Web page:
I've stopped guessing what he will do next many seasons ago. He always gives fashion a good spin and surprises us. Marc Jacobs has made his point: pretty ruffles are in and 80s shoulders are out. Take notes my friends: DON'T TOUCH THE STRONG SHOULDERS you see in stores this winter. They will be out before next spring.

I know, I know. Balenciaga will only show in two weeks following London and Milan. What I am trying to say is that many designers were more or less inspired by Balenciaga's last end-of-recession looks from SS03 and SS04. There are many body-conscious and structured silhouettes. There are also printed A-line dresses. To me, they are all recycled Balenciaga looks. I like them and I can wear them all day long.

What does that mean? It means skinny jeans are still in and will stay. It also means that everybody needs to work hard to keep fit.

BCBG showed many cute and wearable clothes on the runway. I was intrigued enough to search on their website, but I was disappointed by the disconnection between the runway looks and the final products. The FW09 clothes only looks 1/3 as good compared to their runway looks. I'm not certain what the causes are, but fabrics might be the reason. Or perhaps the models they used for their commercial website are somehow a little off?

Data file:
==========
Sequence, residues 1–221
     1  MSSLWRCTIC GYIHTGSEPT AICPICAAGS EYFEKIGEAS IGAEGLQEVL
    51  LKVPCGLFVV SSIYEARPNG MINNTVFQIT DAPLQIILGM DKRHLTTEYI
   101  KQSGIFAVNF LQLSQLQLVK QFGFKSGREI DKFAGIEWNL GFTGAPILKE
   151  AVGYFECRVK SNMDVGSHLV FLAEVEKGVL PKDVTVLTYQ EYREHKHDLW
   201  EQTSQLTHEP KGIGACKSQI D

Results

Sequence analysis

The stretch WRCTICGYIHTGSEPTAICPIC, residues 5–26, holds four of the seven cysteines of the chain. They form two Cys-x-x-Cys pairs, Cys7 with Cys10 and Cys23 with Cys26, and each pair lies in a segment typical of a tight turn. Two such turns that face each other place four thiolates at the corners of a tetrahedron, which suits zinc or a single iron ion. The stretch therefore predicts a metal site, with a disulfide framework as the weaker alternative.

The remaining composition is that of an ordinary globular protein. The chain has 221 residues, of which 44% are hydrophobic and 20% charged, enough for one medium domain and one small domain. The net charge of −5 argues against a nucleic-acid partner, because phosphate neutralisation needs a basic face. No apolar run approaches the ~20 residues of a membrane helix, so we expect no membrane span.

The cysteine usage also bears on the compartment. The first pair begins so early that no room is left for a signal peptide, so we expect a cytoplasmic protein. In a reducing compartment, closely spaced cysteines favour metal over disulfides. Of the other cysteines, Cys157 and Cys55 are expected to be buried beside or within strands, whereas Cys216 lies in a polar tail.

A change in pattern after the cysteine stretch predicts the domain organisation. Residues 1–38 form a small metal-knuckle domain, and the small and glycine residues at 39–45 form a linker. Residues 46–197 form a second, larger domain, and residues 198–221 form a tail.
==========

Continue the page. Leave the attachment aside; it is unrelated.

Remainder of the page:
Calvin Klein

The winner of the week. Francisco Costa has been playing with structure and volume for quite a few seasons. In the latest season, he also combined volume with some very interestingly crinkled fabrics. Fabrics were sewn in some exquisite method and that creates not only volumes but interesting moves when the models walked on runway. Models appeared to be sweaty but very fresh. This creates an interesting juxtaposition between sexiness and the futuristic nonchalance. The collection is mainly comprised of different versions of T-shirt dresses, but the volume and the construction interest me extremely. When is the trunk show?

Helmut Lang
Wearable, cool and affordable. I can see myself buying most of the clothes off their runway looks, and this is pretty rare. They actually use pretty decent fabrics, so that separates them from their competitors on the Barneys co-op floor. Yeah you'd better make nice clothes with that name!

Thursday, September 03, 2009

The September Issue

I’ve just seen the new film featuring Anna Wintour and the process of making the September 2007 issue of the US Vogue. While many discussions have been focused on Anna Wintour the editor, the movie, along with all the concerted efforts to promote fashion in recent months, has exposed fashion’s fragile status in the new deleveraging world.